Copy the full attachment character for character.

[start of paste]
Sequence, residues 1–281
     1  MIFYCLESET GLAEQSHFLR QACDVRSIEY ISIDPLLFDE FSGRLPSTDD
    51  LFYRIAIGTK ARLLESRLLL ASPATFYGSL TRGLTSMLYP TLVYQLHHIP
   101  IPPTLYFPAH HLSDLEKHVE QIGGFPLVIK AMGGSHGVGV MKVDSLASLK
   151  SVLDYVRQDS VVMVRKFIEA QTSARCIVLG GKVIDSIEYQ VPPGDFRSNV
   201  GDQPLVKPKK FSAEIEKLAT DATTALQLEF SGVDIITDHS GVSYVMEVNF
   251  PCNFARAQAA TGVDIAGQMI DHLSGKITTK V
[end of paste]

Sequence, residues 1–281
     1  MIFYCLESET GLAEQSHFLR QACDVRSIEY ISIDPLLFDE FSGRLPSTDD
    51  LFYRIAIGTK ARLLESRLLL ASPATFYGSL TRGLTSMLYP TLVYQLHHIP
   101  IPPTLYFPAH HLSDLEKHVE QIGGFPLVIK AMGGSHGVGV MKVDSLASLK
   151  SVLDYVRQDS VVMVRKFIEA QTSARCIVLG GKVIDSIEYQ VPPGDFRSNV
   201  GDQPLVKPKK FSAEIEKLAT DATTALQLEF SGVDIITDHS GVSYVMEVNF
   251  PCNFARAQAA TGVDIAGQMI DHLSGKITTK V